I hear the voice of the servant that comes running to share the unimaginable. I hear the voice this week as we receive the news in our own community as Philando Castile is shot dead in a scenario where the hedge was breached a long time ago—and life lost through the hands of the one who was to be the protector. I hear the voice from the little girl in the backseat who tries to comfort her mommy saying, “It’s okay. I’m right here with you.” I hear the voice in the cries of the young son of Alton Sterling. I hear the voice as I see the scene unfold the shots begin to ring out—and as the protestors run for shelter, the police officers courageously run towards the gunfire. Protecting those protesting them. Protecting, twelve were shots and five died.
It’s exhausting. I have to turn it off. Everywhere we look, the world is hurting. I want words where words can heal. I need art that can help me to see through my fears. And when fear does settle in, Lord, I want to be more like Job. Poet Warsan Shire writes in her poem, what they did yesterday afternoon:
they set my aunts house on fire
i cried the way women on tv do
folding at the middle
like a five pound note.
i called the boy who use to love me
tried to ‘okay’ my voice
i said hello
he said warsan, what’s wrong, what’s happened?
i’ve been praying,
and these are what my prayers look like;
i come from two countries
one is thirsty
the other is on fire
both need water.
later that night
i held an atlas in my lap
ran my fingers across the whole world
where does it hurt?
Everywhere. It hurts everywhere.
I share the story of friends of mine, Jim and Lori, both pastors and married to each other. It was approximately five years ago they adopted the most precious child from Ethiopia. Lori shares:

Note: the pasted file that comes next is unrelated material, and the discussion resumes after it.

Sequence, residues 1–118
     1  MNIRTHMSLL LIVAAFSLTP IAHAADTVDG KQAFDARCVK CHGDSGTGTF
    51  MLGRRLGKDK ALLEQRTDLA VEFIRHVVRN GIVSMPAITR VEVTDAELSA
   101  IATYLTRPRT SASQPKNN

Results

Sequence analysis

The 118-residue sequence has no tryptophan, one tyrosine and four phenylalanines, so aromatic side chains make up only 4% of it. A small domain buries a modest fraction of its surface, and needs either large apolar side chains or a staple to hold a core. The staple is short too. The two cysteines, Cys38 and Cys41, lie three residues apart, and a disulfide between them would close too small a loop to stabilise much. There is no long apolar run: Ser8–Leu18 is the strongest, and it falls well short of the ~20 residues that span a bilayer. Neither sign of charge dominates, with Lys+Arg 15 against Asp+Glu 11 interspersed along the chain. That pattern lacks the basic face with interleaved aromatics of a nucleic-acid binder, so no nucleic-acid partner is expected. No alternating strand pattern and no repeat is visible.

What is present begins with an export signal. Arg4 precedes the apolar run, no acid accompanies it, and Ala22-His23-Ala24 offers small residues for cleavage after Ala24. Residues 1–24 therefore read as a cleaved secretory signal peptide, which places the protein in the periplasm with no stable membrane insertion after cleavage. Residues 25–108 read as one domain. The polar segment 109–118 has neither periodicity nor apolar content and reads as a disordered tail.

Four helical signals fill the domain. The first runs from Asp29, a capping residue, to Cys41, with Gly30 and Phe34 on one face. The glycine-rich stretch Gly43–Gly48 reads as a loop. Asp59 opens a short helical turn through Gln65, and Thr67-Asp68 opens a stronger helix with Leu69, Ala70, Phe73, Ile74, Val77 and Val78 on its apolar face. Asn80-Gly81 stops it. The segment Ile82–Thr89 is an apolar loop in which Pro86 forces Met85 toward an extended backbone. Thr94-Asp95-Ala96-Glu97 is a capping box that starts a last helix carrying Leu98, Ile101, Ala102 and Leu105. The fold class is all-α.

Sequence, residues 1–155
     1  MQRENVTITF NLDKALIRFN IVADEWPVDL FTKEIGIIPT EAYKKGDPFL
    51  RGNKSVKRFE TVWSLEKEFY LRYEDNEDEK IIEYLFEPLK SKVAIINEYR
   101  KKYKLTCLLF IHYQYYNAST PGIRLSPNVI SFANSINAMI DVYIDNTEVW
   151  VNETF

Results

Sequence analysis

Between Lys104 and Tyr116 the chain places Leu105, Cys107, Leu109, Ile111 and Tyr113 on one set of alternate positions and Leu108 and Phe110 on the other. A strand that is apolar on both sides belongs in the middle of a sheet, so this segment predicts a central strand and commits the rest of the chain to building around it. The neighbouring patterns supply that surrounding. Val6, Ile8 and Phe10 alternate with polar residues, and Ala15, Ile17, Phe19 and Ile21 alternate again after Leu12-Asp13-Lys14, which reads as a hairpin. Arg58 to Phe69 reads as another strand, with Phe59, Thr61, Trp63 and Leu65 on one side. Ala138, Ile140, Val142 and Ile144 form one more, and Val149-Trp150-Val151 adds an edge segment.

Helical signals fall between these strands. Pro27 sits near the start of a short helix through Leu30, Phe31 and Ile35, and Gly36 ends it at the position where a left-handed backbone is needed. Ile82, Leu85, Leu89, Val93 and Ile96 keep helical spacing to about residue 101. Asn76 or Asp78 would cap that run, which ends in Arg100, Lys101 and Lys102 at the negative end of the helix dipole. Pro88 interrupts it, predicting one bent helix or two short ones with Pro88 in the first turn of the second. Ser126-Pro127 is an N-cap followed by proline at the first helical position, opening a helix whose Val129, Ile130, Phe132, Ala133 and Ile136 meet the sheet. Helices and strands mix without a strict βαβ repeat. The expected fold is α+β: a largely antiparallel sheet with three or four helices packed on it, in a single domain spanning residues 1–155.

“Our beautiful boy turned seven two weeks ago. Seven is a marvelous age. Still a kid, but gaining independence all the time.
One night this week while I was at a meeting and after they’d taken [our dog] Russo to the dog park, Jim sent T into DQ to get a strawberry shake with two straws and two spoons. And T did it. So proud of himself! He’s had swimming lessons the last two weeks. This year, he wants us to drop him off and then go. On the one hand, this is great. His independence means more freedom for us. On the other hand, it is terrifying. The more independent T becomes, the more he slips out from under the umbrella of white privilege with which we have protected him.
At seven, T is still breathtakingly beautiful. And he looks less and less like a little boy every day. Adults don’t always smile at him in the store like they did when he was four and five years old. The older our son grows, the more potentially threatening he becomes to some people. And that is becoming more and more clear when we are out among people who don’t know him. (Google it if you don’t believe me–black children are viewed as threatening by alarmingly early ages.)